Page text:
Christi Belcourt has received multiple awards for her work, including the Governor General’s Innovation Award and the Premier’s Award of the Arts. She is also an Aboriginal Arts Laureate.

Her work can be found in the National Gallery of Canada, the Gabriel Dumont Institute, the Art Gallery of Ontario, Parliament Hill, the Indian and Inuit Art Collection, and First People’s Hall.


Jeremy Dutcher is a classically trained operatic tenor, pianist, composer, musicologist, performer, and activist with his roots in the Tobique First Nation (one of six Wolastoqiyik or Maliseet Nation reserves).

He studied music in Halifax before working in the archives at the Canadian Museum of History. There, he transcribed Wolastoq songs from wax cylinders, dating back to 1907. “Many of the songs I’d never heard before because our musical tradition on the East Coast was suppressed by the Canadian Government’s Indian Act,” explains Dutcher.

Although he is classically trained in Western music, Jeremy Dutcher has reached a unique intersection between the original music and language of the Wolastoq people and the Western influences he was exposed to.


By composing many of his songs in Wolsatq, Jeremy preserves the culture and heritage that has been torn away from Indigenous Peoples through years of systematic discrimination and government-led assimilation. The Wolastoq language is severely endangered. Only about 100 individuals still speak Wolstaq.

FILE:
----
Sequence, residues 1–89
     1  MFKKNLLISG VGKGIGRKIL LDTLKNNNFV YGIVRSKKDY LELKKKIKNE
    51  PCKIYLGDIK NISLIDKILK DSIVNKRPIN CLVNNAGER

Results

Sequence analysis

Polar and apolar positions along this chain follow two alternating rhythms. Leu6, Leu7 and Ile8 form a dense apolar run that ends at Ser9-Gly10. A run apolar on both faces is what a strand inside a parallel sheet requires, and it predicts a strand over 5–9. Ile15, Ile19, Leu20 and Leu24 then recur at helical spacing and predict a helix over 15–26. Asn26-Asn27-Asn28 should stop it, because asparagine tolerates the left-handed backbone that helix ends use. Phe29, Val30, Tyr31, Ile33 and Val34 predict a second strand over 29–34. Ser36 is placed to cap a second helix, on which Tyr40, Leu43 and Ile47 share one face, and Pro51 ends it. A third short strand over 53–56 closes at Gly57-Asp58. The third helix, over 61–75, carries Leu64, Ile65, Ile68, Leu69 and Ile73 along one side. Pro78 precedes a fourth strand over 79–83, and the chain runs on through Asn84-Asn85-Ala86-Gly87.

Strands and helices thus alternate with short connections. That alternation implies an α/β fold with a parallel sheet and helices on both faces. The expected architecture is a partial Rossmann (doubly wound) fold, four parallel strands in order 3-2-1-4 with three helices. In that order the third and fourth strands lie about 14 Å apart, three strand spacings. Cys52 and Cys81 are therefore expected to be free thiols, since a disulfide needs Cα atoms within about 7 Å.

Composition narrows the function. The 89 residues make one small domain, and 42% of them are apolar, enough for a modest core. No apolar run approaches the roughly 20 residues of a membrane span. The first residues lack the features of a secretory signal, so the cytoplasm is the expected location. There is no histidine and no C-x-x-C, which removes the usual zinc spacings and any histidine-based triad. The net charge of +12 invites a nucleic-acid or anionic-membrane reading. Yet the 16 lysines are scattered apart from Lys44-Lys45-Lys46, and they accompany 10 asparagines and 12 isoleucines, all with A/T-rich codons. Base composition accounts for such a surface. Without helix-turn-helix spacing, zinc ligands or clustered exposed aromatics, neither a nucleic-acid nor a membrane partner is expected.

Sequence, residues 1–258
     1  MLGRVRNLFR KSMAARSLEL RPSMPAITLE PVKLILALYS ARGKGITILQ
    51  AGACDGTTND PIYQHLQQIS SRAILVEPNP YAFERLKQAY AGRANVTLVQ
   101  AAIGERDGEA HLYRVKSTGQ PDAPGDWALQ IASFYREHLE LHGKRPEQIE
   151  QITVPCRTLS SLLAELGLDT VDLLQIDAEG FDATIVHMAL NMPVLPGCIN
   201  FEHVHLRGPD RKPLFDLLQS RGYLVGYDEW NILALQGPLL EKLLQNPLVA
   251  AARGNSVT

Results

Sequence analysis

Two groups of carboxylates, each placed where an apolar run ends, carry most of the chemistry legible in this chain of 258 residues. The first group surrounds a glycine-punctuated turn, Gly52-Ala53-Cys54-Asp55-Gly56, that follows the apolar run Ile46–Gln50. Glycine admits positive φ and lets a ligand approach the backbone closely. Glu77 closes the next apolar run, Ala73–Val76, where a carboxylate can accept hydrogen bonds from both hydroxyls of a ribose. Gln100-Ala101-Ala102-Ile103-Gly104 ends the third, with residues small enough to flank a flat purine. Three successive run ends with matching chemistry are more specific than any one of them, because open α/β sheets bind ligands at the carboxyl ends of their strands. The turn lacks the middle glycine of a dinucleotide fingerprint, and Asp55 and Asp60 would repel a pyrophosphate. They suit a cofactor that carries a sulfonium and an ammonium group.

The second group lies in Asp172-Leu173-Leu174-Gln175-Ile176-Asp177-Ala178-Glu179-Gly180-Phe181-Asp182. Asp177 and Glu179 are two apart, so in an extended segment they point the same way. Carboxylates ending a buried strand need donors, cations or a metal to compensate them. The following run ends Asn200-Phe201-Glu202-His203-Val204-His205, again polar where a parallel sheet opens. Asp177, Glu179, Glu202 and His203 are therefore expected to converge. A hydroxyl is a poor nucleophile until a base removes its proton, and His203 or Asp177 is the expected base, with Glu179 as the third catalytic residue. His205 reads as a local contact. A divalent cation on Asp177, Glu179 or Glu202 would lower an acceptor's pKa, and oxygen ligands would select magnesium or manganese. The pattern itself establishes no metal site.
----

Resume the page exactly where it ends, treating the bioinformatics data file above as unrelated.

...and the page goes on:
“It’s crucial for us to make sure that we’re using our language and passing it on to the next generation. If you lose the language, you’re not just losing words; you’re losing an entire way of seeing and experiencing the world from a distinctly Indigenous perspective,” continues Jeremy Dutcher.

In 2018, Jeremy Dutcher won the Polaris Music Prize, an incredible achievement that honours the music he creates and the work he does in preserving his language and culture.


Nathalie Bertin is a multidisciplinary artist from Toronto with roots in Michilimackinac and Nipissing. She is of Metis, French, and Algonquin ancestry.

Nathalie Bertin’s art is known for its bold, energetic, and bright energy. She is a self-described “colour junkie” and loves adding luminescence and coloured layers to her works.

Her work includes mediums like beadwork, printing, and embroidery. They combine classical art techniques with designs from her ancestry, allowing her to develop a unique style reminiscent of her own identity.

Previously, the Royal Canadian Mint reproduced some of Bertin’s story illustrations of the northern lights on collector coins in 2013, 2014 and 2015.


Nathalie Bertin has spent many years developing community-based projects that raise awareness about Indigenous Peoples and offer healing. She does this by portraying her people in a positive light, rather than their usual romanticized depictions as seen throughout art history.

For example, she created and curated an exhibition entitled, This is My Song: Perspectives from Contemporary Native Women, which highlighted contemporary Indigenous artists and was used as a forum for discussion to bridge the gap between Indigenous and non-Indigenous Peoples. She also curated Indigenesse, which, as she states, aimed to “offer healing, education, and to inform all communities.”